If you are also a candidate for pancreas transplantation, you will be evaluated for both transplants at the same time.

As often as possible, our team aims to complete an evaluation for early kidney transplant within two weeks of receiving a referral or appointment request. Early transplant allows for patients to accrue time on the national waitlist as soon as possible and avoid dialysis.

After the initial visit, you will return for additional testing, which may include, cardiac stress testing, chest X-ray and electrocardiogram (EKG), additional blood and urine tests, and abdominal imaging. Patients may be asked to schedule tests with their primary care physician and/or other specialists, such as a colonoscopy (age 45+), mammogram (age 40+), or pap smear. Alternatively, if these tests have been performed within the past year, patients can simply provide the recent results.

Once all testing is complete, the Mass General transplant team will determine the patient’s readiness for a kidney transplant and outline the next steps.

What happens once I have been accepted for kidney transplant?

Once you are determined to be ready for kidney transplant surgery, your care team will review with you your options for receiving a donor organ – living donation and deceased donation.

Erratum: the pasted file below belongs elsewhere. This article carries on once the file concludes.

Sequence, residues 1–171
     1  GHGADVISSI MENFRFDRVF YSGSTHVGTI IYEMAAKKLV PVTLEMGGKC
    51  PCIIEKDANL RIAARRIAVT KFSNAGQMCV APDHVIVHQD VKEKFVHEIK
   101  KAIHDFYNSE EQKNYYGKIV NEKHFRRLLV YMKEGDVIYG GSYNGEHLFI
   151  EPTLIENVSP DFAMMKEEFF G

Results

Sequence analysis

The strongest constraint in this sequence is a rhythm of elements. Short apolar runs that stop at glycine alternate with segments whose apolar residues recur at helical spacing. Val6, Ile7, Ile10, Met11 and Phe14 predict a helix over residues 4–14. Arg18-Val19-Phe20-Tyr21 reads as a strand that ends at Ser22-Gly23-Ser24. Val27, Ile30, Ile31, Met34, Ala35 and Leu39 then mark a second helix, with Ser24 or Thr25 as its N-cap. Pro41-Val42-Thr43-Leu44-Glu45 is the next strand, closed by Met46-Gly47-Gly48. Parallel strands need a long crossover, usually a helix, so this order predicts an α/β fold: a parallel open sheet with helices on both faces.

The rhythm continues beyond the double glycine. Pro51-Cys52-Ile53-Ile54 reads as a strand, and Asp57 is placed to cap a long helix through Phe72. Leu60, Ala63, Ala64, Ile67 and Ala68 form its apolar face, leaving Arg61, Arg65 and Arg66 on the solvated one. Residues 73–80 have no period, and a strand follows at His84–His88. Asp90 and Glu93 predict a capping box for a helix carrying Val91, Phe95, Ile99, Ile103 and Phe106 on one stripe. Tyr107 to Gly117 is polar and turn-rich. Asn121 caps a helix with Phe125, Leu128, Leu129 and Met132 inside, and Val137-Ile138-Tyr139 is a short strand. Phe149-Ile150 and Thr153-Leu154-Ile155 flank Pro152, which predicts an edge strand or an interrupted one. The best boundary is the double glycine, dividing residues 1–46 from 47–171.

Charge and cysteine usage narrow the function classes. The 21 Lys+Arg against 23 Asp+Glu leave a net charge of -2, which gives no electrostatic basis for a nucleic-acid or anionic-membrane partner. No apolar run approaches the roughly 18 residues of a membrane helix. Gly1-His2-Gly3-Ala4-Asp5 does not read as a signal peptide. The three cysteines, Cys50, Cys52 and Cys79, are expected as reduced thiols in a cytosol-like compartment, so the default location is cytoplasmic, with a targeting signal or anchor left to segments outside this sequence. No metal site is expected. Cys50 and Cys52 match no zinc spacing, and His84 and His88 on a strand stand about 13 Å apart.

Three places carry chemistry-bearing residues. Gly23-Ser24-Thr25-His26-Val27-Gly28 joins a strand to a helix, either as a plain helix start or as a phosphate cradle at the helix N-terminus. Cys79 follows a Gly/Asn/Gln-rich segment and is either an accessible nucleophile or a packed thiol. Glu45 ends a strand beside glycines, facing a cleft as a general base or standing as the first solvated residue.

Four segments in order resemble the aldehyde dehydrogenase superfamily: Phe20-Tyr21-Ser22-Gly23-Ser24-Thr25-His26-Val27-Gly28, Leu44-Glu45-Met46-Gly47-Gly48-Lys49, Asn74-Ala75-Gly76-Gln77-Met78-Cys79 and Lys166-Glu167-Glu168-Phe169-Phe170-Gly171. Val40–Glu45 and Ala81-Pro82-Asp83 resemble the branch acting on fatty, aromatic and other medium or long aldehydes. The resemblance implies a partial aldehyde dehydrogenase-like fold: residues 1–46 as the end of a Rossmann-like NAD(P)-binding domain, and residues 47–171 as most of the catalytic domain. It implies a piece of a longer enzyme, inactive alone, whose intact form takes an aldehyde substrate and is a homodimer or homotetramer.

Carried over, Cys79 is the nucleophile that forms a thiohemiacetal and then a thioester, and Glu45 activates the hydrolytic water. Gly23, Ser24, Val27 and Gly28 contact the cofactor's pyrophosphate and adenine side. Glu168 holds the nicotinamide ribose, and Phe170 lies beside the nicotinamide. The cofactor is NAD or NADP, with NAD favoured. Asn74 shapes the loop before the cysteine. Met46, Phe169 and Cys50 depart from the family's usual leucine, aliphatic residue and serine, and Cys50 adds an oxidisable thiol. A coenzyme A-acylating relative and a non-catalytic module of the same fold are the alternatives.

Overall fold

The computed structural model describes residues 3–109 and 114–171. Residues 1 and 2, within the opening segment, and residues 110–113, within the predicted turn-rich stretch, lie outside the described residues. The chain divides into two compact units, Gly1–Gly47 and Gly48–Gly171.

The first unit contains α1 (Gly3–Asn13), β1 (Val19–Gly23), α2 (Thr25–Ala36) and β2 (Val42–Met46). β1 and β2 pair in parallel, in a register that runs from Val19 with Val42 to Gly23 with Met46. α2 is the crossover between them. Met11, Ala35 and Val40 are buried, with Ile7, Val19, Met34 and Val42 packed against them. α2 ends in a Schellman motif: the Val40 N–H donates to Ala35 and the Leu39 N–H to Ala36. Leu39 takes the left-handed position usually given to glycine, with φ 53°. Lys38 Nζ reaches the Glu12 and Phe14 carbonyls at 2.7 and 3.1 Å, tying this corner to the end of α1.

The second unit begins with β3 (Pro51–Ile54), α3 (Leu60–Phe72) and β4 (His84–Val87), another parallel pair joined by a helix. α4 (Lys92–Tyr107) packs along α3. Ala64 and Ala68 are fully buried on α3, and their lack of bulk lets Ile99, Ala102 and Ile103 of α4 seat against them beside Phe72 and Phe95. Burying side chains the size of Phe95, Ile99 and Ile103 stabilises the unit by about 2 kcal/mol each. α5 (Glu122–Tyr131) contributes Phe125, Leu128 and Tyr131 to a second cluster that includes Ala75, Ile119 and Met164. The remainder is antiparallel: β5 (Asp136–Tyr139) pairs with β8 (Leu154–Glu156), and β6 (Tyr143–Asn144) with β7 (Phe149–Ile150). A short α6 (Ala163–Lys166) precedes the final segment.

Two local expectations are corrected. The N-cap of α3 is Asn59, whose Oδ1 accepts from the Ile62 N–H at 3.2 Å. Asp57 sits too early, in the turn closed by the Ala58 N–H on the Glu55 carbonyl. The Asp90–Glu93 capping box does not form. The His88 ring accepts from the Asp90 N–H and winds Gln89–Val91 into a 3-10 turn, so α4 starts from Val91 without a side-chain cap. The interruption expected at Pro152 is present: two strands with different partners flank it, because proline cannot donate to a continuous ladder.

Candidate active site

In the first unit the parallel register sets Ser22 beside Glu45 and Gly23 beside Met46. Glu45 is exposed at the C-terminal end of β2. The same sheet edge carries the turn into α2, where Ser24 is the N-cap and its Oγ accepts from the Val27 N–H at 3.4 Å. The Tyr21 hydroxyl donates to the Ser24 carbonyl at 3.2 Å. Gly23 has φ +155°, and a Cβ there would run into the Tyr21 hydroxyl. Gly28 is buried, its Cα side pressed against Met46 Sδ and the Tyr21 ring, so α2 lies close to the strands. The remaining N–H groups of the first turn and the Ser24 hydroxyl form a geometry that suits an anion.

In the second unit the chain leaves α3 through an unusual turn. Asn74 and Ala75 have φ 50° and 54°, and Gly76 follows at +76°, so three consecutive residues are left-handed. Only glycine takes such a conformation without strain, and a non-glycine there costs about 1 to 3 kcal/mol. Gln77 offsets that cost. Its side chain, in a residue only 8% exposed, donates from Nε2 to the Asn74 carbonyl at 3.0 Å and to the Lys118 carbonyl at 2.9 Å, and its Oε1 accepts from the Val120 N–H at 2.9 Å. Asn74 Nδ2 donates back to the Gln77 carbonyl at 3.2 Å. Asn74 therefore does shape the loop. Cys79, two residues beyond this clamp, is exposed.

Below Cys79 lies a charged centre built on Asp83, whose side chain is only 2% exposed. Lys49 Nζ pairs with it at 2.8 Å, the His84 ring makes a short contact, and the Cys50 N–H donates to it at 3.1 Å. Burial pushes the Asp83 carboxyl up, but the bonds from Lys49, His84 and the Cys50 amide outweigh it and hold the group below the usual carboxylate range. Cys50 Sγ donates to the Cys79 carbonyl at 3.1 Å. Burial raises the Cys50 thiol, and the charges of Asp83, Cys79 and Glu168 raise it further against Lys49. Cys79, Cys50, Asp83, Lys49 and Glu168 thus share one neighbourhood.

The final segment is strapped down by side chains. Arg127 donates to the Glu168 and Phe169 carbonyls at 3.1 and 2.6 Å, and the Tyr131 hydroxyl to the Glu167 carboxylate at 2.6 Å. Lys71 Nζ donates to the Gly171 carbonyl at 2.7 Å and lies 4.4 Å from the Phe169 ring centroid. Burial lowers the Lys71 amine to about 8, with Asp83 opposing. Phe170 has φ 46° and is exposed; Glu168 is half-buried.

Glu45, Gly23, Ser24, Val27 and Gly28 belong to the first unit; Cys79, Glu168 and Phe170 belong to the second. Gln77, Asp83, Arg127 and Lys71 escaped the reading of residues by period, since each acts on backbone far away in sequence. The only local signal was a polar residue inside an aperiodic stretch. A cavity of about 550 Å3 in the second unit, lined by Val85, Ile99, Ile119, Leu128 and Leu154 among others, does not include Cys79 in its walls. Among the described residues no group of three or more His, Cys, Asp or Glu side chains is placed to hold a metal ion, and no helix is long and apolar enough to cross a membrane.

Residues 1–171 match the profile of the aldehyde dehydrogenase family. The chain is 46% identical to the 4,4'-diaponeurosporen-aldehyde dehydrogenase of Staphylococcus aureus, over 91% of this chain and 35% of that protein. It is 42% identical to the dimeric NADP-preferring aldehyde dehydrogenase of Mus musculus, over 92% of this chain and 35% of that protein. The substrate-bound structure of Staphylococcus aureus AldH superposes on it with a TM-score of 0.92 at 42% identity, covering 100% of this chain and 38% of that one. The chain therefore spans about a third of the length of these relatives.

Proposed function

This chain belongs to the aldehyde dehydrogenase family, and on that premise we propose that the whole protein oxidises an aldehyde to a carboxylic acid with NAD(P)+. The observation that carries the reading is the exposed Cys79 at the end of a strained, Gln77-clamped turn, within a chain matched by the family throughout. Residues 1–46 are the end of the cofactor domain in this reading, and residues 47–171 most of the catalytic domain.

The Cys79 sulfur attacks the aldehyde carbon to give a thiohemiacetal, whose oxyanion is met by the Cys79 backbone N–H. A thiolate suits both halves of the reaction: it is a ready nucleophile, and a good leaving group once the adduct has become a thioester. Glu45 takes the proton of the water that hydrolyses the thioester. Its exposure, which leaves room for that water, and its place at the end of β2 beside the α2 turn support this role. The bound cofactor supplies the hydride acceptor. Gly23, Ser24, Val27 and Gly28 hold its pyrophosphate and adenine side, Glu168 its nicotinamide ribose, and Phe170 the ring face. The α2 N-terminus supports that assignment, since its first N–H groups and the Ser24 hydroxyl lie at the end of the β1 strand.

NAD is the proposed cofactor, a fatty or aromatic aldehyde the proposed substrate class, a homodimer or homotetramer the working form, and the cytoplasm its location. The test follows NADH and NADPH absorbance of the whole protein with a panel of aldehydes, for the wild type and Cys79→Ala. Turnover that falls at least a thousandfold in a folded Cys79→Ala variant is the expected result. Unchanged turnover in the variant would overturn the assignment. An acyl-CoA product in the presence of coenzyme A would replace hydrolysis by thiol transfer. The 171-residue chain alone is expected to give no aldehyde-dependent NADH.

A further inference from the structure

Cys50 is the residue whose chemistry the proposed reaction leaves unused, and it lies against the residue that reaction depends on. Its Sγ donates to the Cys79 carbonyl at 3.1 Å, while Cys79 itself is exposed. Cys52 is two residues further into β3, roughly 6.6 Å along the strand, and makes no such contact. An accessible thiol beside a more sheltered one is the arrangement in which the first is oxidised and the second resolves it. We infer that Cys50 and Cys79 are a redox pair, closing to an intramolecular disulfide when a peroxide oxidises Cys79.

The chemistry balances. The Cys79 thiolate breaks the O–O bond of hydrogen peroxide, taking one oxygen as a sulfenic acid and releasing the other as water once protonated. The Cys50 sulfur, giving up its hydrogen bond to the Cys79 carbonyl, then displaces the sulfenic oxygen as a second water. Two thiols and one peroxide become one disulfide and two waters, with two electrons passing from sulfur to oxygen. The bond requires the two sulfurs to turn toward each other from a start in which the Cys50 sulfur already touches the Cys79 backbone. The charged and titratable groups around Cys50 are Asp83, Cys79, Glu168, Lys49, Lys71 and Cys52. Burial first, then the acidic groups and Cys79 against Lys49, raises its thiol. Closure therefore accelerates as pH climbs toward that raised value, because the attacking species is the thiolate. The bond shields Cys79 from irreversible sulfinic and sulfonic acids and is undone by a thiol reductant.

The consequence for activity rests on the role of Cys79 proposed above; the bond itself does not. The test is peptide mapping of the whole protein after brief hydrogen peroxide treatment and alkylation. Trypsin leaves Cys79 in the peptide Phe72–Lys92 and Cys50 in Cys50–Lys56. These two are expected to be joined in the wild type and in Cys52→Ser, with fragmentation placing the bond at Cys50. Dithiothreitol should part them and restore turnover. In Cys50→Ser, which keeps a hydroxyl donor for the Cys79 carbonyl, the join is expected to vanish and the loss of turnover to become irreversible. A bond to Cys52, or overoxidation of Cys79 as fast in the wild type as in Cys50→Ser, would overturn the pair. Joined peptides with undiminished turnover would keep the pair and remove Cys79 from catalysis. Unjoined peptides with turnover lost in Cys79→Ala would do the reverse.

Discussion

What is living donor kidney transplant?

The best option to receive a new kidney is from a living kidney donor, as living donation does not require you to spend time on the organ waitlist, reduces your need for dialysis, and more. Living donors are often someone in the patient’s life who is willing to donate their kidney to them.

Learn more about living donation

What is the deceased kidney donor waitlist?

Patients without a living donor are placed on the national deceased donor waitlist. Because there are many more people in need of a kidney transplant than there are kidneys available, patients may wait on the list for few years. As time progresses, patients move to the top of the list and receive a kidney.

When a deceased donor organ becomes available, you will receive a call from our coordinator or surgeon, asking you to come into the hospital for the transplant. Since this call can come at any time, you should provide our center with all of your phone numbers, as well as the phone numbers of a few emergency contacts, so that we can contact you when needed.